The Philosophy of Yoga
The word “yoga” has become so familiar to us today that I suspect for the vast majority of people, including those who attend yoga classes, the term has lost its original meaning. For myself, on the one hand, I applaud the great interest in Eastern mysticism that has been spreading rapidly throughout the Western hemisphere since the 1960s, but I despair concerning the adulteration of it to Western tastes and likings.
There are many branches of the Yoga system that have been cultivated in Western soil and have, in turn, rooted and branched out into their own Westernized forms of yoga. It is now very trendy to witness celebrities displaying their grip on these tricky Indian postures, and we even see glossy magazines disporting images of muscled, pseudo-gurus wearing bandanas and dripping in sweat so that yoga will appeal as yet another sexed-up tool for getting what you want and being attractive to others.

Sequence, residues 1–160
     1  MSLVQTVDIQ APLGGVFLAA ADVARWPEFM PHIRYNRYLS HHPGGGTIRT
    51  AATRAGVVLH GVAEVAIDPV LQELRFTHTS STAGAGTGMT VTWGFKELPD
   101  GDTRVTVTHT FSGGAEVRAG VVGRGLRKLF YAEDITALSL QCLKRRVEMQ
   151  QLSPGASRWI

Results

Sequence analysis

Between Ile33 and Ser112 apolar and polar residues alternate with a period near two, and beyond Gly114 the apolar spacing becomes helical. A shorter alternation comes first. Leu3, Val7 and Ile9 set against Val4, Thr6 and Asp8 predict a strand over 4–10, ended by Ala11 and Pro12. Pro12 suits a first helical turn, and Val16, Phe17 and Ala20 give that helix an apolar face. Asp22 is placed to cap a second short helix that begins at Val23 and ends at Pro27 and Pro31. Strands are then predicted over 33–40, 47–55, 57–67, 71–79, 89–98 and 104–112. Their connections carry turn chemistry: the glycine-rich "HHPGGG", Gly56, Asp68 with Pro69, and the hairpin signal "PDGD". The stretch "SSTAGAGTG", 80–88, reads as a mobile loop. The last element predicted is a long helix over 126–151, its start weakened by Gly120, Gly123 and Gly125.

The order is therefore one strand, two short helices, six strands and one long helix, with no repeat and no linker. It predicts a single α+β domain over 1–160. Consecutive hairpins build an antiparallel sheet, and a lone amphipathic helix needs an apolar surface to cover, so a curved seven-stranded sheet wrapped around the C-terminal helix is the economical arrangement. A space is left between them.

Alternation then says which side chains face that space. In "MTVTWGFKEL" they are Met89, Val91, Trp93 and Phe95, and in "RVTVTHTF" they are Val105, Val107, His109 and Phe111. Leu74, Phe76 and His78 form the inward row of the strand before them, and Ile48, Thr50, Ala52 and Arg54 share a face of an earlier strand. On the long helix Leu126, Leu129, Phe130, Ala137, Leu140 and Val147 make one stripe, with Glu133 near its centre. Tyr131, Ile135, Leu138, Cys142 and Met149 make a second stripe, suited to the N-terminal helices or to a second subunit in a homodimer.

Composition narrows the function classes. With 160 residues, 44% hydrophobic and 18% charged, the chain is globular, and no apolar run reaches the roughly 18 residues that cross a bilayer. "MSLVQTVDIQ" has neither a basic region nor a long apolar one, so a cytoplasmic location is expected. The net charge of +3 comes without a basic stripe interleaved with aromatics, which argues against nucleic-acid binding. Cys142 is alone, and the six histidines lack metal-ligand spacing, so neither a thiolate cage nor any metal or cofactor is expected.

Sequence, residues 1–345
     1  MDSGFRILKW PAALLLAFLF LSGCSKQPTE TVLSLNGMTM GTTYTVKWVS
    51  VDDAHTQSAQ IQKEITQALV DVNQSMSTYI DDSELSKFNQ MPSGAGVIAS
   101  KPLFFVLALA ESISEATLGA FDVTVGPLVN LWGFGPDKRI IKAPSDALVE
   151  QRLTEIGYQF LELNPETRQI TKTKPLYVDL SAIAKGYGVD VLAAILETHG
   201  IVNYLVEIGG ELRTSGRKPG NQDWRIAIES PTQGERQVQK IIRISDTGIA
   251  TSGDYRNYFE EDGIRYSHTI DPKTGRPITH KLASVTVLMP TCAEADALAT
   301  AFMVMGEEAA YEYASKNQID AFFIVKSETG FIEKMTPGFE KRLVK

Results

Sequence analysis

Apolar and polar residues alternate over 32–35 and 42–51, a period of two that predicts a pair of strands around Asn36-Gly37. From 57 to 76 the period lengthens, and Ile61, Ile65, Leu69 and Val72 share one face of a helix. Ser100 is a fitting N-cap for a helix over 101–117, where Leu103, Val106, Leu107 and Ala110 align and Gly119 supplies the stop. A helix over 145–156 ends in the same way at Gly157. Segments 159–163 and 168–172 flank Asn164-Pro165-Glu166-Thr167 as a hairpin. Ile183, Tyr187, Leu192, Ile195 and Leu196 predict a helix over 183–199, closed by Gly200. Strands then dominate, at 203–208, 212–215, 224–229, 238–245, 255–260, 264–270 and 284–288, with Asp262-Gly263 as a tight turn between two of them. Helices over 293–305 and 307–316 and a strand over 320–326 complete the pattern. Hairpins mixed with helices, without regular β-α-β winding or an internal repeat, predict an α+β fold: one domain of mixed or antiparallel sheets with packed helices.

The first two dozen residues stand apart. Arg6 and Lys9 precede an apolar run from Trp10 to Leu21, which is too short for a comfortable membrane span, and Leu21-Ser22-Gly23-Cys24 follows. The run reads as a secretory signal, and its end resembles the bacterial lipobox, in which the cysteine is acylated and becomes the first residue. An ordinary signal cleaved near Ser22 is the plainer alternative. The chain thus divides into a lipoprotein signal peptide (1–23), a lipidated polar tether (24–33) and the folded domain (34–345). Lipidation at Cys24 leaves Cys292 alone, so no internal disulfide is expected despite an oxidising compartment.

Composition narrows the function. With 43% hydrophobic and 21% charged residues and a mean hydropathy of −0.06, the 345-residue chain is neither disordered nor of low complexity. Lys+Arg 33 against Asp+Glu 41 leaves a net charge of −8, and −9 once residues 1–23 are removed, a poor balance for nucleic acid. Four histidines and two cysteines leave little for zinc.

The Meaning of Yoga
But is this yoga? Let us examine the actual meaning of the word: “Yoga” comes from the ancient Indian Sanskrit language, and it literally means union or a 'yoke' which implies uniting with something. This meaning specifically refers directly to union with God. There are principally four main methods of attaining this union with God through the systems of Karma Yoga, Bhakti Yoga, Raja Yoga and Jnana Yoga.
This practice involves the individual becoming engaged in unselfish service to mankind.
Bhakti is the path of devotional service to God, to the guru and to religion.
Raja Yoga is a process of focussing the mind in contemplation, introspection and meditation.
Jnana is the way of the student of scriptural wisdom who studies the nature of the true inner Self and gains spiritual knowledge thereby.
All of these paths, either practiced individually or simultaneously, lead the earnest yoga practitioner back to the Godhead. Through these systems, he or she attains union with the Divine. Because yoga means to bind, join or yoke together it is this imagery that one must ever bear in mind and heart when performing a posture, when holding that posture for a certain length of time, and concentrating on the special breathing techniques employed in yoga. The truest method of practicing yoga is the meditative method where the posture is held steady and the mind goes inward.